12 June l996
Went down the Street with the petition. J's was
one of the first houses: 'Why don't you give me a couple
of sheets and I'll do the Street for you.' She's always
a support, without any fuss; it's wonderful to share the
14 June 1996
Dismayed by a call from R, churchwarden at
Belchamp Otten. He's heard there is a petition going
round in favour of selling the Rectory specifically to
the present tenants. Much as we approve of them as
tenants, most of us think that if the house must be sold
it would only be fair to put it on the open market.
Anyway, selling to the Ds will only safeguard it while
they are there. What happens if they move on in a few
years' time? This news is certainly dispiriting, but I
just hope most people will take the long-term view and
resist signing this petition.
Last day for 'representations' to the Church
Commissioners. I've posted the petition and heave a sigh
of relief. My emotional energy consumption has been
running far too high for the past few weeks, but the
knowledge that we've done all we can is comforting. Now
we just have to wait - and hope. We've been told not to
expect any developments for months.
21 July 1996
The Bishop of Colchester came to Bulmer and
preached at a joint service with the other parishes. He
greeted the congregation on the way out, and I took the
opportunity to ask him to support us in our bid to keep
Belchamp Otten Rectory. 'Indeed I won't: the cellar
floods; it's not a suitable house.' So that's their
reasoning, and it's founded on a myth. I can hardly
believe my ears.
20 September 1996
Letter from the Church Commissioners announcing
a meeting with their sub-committee on 9 December. This
will be a hearing of local views before their
arbitration of our case. I am bidden to a meeting from
6 - 6.35 along with various 'outside' people such as
members of SOP, and the patron of Ovington (one of the
parishes soon to be joined with ours). Later I hear that
there are two other meetings, one for local people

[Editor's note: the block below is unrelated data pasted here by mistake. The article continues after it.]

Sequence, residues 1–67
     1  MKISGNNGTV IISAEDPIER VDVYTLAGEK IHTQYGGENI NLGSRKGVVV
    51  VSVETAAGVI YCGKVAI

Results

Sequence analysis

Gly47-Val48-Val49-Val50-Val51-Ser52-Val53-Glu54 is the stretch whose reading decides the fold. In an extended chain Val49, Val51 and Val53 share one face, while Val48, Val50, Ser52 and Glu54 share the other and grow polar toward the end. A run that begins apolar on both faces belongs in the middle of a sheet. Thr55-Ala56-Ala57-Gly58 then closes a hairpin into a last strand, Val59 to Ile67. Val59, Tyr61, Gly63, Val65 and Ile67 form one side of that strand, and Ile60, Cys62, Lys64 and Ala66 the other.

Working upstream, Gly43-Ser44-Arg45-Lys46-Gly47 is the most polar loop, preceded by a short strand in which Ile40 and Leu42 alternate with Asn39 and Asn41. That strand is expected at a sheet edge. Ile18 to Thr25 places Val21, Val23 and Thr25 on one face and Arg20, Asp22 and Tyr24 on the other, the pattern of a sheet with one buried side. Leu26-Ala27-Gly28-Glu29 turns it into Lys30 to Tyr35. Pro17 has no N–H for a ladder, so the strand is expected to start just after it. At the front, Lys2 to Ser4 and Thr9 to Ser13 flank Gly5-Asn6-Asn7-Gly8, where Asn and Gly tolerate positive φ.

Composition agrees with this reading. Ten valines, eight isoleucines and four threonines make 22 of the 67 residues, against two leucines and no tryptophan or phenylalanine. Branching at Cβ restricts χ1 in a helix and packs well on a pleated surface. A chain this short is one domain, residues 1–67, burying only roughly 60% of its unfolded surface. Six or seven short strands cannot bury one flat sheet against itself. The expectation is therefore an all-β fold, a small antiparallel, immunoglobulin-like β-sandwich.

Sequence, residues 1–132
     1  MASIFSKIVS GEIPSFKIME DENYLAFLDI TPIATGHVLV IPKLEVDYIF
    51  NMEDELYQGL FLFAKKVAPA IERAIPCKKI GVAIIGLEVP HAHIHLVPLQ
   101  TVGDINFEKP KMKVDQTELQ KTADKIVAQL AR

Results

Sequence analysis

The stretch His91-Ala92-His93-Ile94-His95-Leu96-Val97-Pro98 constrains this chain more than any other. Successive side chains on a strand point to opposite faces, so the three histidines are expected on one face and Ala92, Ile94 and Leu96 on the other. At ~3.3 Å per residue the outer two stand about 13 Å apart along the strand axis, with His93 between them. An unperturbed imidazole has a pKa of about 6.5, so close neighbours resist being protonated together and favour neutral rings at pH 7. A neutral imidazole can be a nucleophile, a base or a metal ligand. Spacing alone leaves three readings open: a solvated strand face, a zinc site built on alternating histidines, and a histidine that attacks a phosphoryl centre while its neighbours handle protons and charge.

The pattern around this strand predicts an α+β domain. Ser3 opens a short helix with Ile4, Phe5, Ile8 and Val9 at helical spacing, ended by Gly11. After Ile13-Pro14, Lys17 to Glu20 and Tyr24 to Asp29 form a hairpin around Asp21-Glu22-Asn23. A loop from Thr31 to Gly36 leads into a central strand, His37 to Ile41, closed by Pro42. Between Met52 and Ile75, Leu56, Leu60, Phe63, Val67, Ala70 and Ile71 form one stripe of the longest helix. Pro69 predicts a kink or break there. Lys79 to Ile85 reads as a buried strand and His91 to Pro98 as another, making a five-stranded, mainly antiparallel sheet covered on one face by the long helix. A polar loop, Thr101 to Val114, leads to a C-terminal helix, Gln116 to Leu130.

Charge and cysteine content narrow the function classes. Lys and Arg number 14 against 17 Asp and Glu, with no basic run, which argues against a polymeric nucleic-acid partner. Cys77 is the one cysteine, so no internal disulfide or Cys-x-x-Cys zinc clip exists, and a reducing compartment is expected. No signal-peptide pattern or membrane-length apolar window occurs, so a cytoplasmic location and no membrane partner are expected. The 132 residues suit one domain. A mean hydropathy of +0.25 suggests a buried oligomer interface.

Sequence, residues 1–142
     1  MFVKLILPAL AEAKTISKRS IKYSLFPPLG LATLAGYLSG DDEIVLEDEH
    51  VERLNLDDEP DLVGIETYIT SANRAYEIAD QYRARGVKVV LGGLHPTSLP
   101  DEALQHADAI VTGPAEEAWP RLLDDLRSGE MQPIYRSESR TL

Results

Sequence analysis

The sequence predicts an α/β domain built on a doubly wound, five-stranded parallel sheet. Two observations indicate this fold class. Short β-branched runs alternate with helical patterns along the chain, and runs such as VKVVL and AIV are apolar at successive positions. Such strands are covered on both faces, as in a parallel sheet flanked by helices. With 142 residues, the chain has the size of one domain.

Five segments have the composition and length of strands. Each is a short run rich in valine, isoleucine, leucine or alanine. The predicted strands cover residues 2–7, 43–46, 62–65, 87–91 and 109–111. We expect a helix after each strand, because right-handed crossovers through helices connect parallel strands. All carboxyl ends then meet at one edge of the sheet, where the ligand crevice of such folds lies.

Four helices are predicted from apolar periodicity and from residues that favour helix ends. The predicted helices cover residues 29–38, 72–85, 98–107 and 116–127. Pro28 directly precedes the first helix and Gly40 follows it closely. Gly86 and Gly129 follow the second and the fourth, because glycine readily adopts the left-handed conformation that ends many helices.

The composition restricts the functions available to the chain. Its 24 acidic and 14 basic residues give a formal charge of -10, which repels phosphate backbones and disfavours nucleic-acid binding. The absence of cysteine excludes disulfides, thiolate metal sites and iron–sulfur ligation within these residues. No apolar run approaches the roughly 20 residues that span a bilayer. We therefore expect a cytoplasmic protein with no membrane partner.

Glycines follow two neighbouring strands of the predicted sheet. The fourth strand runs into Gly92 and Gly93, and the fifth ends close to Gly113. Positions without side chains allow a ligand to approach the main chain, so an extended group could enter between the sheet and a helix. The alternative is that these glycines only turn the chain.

generally and the other for PCC representatives. Each is
scheduled to last 35 minutes. I wonder how they can
possibly keep to such tight timing. If our meetings with
diocesan representatives are anything to go by there's
no way they'll be able to contain the discussion so
1 October 1996
It might strengthen our case for keeping the
Rectory if we are prepared to help with future
maintenance costs, which the Diocese say are above the
average for newer buildings. Even if this is not so, we
should show willing. I decided to write to certain
people in the three parishes asking them to pledge
support for a future maintenance fund if the Rectory is
15 October 1996
I've already had a couple of pledges and,
better still, encouragement for the idea of a parish
maintenance fund for the Rectory.
28 October 1996
PCC meeting. Representatives to go to the
Church Commissioners' meeting were chosen. Everyone
seems despondent about the outcome: they feel sure that
the Commissioners have already made up their minds and
will automatically support the Diocese over the sale of
the Rectory. The meeting to 'listen to our views' will
be a mere charade. It is true that one by one the
members of the diocesan hierarchy that we have dealt
with, from the Rural Dean to the Bishop, have declared
themselves against the parish interest. The Church
Commissioners' committee is our last hope. I think we
have to believe in their independence, and say so. Time
will prove which opinion is right.
7 November 1996
The SOP Newsletter is going out with a request
that as many members as possible should come to the
Church Commissioners' meeting. We have planned our
annual meeting for the next morning to make it easier,
but I don't suppose many will be able to come.
3 December 1996
Very much heartened by the response to the
maintenance fund letter. I only wrote to about a dozen
people, but pledges of support now amount to over £3,000
- a worthwhile sum.
9 December 1996
Mervyn and Bill - two of SOP's staunchest
clergy stalwarts arrived at tea time; so did Jerome, an
old friend and the editor of the Newsletter. Their
support gave me courage - almost enthusiasm - for the
meeting. I felt like a VIP with a posse of security
guards. I need not have been so nervous. The atmosphere
of the meeting was in sharp contrast- to all our former
meetings with 'the authorities'. Margaret Laird chaired
it. She is an attractive grey-haired Commissioner with a
serene smile and reassuring manner: her charm makes her